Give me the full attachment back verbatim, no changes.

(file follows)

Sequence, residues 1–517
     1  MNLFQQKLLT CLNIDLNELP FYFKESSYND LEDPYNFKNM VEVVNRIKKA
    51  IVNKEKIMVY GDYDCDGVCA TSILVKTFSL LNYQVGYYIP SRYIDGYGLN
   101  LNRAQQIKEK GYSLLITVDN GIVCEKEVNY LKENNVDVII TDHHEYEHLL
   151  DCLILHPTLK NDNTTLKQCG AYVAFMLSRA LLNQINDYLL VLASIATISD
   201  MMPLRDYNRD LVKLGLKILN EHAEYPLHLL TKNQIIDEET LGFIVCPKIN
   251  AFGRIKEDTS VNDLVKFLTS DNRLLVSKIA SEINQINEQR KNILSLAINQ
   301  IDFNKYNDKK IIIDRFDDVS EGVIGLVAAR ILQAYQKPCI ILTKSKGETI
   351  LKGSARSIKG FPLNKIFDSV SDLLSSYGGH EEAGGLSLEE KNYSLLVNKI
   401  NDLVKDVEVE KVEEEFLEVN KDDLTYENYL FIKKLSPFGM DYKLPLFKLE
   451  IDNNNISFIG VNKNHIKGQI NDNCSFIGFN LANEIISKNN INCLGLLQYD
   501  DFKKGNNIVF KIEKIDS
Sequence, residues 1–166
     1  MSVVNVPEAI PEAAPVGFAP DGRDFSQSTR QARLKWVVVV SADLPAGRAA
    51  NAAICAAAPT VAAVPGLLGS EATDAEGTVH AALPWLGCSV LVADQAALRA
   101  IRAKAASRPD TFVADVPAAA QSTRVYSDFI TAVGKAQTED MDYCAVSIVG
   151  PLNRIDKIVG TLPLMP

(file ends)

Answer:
Sequence, residues 1–517
     1  MNLFQQKLLT CLNIDLNELP FYFKESSYND LEDPYNFKNM VEVVNRIKKA
    51  IVNKEKIMVY GDYDCDGVCA TSILVKTFSL LNYQVGYYIP SRYIDGYGLN
   101  LNRAQQIKEK GYSLLITVDN GIVCEKEVNY LKENNVDVII TDHHEYEHLL
   151  DCLILHPTLK NDNTTLKQCG AYVAFMLSRA LLNQINDYLL VLASIATISD
   201  MMPLRDYNRD LVKLGLKILN EHAEYPLHLL TKNQIIDEET LGFIVCPKIN
   251  AFGRIKEDTS VNDLVKFLTS DNRLLVSKIA SEINQINEQR KNILSLAINQ
   301  IDFNKYNDKK IIIDRFDDVS EGVIGLVAAR ILQAYQKPCI ILTKSKGETI
   351  LKGSARSIKG FPLNKIFDSV SDLLSSYGGH EEAGGLSLEE KNYSLLVNKI
   401  NDLVKDVEVE KVEEEFLEVN KDDLTYENYL FIKKLSPFGM DYKLPLFKLE
   451  IDNNNISFIG VNKNHIKGQI NDNCSFIGFN LANEIISKNN INCLGLLQYD
   501  DFKKGNNIVF KIEKIDS
Sequence, residues 1–166
     1  MSVVNVPEAI PEAAPVGFAP DGRDFSQSTR QARLKWVVVV SADLPAGRAA
    51  NAAICAAAPT VAAVPGLLGS EATDAEGTVH AALPWLGCSV LVADQAALRA
   101  IRAKAASRPD TFVADVPAAA QSTRVYSDFI TAVGKAQTED MDYCAVSIVG
   151  PLNRIDKIVG TLPLMP